Jennifer Kim is a rising senior at the University of Michigan, Ann Arbor. She is majoring in International Studies on the Security, Norms and Cooperation track, and plans on a minor in the Environment. Her international background (born in the US to South Korean parents and raised in the Philippines and China), in addition to her participation in the Young Women in Nonproliferation Initiative Mentorship Program at CNS, sparked her interest in diplomacy and nonproliferation. She is especially interested in the intersection of peace advocacy, multilateral diplomacy, international human rights, and the perceptions of security in East Asia, with a focus on China, South Korea, and North Korea. Outside of academics, she is the Editor-in-Chief of the Michigan Journal of Asian Studies and the treasurer for Michigan Taekwondo. She also participates as a delegate in the Youth Meeting of State Parties (MSP) for the Treaty on the Prohibition of Nuclear Weapons. She is working towards increasing voices of women of color in US foreign policy and in being a part of the movement for peace. In her free time, Jennifer trains in Taekwondo and likes to cook.
Final Presentation: Denuclearization, Peace, & Security Interests Concerning the Korean Peninsula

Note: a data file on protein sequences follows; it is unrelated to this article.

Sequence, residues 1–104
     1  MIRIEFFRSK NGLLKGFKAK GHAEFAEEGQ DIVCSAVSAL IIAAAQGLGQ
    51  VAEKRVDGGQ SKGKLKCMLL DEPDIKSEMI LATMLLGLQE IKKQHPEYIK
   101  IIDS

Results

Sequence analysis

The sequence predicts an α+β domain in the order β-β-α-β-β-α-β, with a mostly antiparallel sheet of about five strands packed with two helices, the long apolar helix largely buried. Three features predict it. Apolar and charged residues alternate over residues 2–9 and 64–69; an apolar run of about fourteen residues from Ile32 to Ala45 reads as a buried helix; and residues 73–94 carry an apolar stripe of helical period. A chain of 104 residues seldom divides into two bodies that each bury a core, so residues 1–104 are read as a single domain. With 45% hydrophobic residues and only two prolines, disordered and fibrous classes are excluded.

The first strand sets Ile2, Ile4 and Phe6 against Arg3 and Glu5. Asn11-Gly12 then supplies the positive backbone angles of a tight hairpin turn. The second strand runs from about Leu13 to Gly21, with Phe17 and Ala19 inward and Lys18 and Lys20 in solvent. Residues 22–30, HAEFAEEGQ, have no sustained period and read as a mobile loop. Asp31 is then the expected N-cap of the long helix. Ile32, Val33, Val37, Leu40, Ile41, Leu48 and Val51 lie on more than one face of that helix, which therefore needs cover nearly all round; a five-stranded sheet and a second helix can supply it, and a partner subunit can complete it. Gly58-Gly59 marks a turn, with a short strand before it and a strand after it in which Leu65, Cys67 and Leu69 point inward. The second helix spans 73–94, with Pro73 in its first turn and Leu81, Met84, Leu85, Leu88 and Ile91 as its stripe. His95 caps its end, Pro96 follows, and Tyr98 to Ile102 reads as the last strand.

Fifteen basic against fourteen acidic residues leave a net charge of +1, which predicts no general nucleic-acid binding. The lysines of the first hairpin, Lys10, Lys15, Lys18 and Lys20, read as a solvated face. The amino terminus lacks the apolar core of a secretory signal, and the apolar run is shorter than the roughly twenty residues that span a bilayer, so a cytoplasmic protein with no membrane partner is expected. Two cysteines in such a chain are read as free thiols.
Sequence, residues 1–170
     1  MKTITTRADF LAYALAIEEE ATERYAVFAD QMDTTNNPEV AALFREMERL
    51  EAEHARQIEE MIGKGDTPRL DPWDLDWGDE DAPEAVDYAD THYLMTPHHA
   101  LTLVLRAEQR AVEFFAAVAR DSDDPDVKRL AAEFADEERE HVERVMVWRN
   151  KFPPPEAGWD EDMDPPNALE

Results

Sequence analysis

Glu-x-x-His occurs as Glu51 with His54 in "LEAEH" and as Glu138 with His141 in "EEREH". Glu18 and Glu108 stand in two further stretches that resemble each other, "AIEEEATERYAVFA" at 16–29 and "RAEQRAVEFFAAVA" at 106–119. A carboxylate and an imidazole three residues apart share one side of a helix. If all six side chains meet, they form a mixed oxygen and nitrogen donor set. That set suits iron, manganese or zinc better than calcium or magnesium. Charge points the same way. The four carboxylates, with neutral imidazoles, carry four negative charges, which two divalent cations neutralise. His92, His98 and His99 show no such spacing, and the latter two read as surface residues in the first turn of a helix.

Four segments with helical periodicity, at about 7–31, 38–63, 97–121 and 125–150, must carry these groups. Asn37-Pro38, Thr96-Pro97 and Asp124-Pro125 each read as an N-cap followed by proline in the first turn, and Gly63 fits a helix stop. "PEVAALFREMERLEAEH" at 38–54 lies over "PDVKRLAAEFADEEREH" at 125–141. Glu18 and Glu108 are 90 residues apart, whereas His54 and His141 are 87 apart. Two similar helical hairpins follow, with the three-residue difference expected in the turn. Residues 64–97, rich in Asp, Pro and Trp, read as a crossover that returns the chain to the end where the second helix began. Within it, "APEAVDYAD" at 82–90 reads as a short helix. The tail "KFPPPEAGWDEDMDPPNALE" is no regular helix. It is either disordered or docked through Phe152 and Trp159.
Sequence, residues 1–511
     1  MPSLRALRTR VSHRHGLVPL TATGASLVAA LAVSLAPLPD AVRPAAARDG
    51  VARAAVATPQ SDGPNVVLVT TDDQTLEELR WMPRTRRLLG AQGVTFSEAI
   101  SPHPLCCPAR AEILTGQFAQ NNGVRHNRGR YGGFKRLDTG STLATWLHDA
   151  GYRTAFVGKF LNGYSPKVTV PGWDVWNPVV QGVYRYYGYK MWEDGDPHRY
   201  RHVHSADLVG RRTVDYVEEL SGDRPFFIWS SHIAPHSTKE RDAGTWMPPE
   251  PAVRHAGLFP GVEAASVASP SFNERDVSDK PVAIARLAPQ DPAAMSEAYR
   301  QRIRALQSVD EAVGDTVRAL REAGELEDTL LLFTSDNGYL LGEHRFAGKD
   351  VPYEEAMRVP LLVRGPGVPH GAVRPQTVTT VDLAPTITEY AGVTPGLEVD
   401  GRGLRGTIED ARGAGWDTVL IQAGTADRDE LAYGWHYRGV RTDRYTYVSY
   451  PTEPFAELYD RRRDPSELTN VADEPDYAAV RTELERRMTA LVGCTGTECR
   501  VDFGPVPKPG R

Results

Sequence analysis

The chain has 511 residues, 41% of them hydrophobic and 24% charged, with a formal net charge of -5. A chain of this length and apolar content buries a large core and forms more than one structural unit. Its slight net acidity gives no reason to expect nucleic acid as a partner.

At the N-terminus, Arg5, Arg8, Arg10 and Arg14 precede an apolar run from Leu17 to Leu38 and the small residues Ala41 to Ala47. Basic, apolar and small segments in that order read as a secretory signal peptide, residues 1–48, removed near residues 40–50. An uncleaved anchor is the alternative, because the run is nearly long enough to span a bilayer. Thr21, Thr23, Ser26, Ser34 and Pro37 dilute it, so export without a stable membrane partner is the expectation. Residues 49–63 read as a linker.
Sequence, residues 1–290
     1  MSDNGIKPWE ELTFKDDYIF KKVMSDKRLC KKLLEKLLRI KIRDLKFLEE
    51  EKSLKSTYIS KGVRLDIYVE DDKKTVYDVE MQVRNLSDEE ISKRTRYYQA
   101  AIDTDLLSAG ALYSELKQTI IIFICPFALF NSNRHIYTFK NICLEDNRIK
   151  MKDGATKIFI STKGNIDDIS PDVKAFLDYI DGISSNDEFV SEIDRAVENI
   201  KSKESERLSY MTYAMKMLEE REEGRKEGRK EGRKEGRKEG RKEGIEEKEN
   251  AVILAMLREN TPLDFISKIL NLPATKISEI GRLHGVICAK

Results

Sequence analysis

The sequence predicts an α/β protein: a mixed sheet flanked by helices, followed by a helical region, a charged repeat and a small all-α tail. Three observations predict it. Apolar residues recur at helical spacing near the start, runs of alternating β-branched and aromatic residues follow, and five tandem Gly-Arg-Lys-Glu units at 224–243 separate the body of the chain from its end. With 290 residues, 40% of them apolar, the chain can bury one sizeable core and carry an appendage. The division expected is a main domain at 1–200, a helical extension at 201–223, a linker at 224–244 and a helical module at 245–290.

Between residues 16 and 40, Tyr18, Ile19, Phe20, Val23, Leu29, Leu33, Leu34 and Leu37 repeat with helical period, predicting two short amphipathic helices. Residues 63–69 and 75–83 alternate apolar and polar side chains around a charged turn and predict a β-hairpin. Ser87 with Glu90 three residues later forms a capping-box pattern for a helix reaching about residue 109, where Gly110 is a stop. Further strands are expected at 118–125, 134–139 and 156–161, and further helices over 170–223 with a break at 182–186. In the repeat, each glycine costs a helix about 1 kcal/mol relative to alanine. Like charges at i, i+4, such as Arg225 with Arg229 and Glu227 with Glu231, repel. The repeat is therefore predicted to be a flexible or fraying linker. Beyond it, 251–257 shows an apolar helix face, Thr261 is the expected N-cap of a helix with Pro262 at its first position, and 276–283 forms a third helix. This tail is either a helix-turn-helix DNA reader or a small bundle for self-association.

With my independent project, I wanted to re-examine what denuclearization on the Korean peninsula should involve. All of the major parties involved in the issue agree that denuclearization is pertinent to peace; currently, there is also little movement on providing security guarantees that could ease the way for North Korean denuclearization. With tensions rising between the US and China, and with the new Yoon administration moving South Korea closer to the US, the way forward becomes even more complicated. Given these current geopolitical concerns, I examined how the security interests of six nations – North Korea, South Korea, the US, Japan, China, and Russia – influence confidence-building (or breaking) and the work towards denuclearizing North Korea. To this end, I inspected each country’s security interests, building a map of relationships and a list of policies on peace and denuclearization along the way. I also analyzed and connected these policies to current events in the region, such as the Yoon administration’s conversations with Japanese and US officials on North Korea, helping me understand trends in collaboration. Furthermore, I reviewed literature suggesting scenarios and steps for reunification, which provided a conceptualization of peace as a large puzzle that involves many economic, cultural, political, social, and diplomacy-related pieces. From this, I drew three themes. Firstly, whether the outcome in the long-run involves a reunification or a continued stalemate, security guarantees are important to facilitating denuclearization. Secondly, ‘peace’ cannot end with denuclearization or reunification; it involves so many moving pieces that can fall out of place if one state’s security interests are not met. And finally, I am left with the question of how denuclearization can be achieved in a way that addresses some, if not all, of the security concerns of these parties.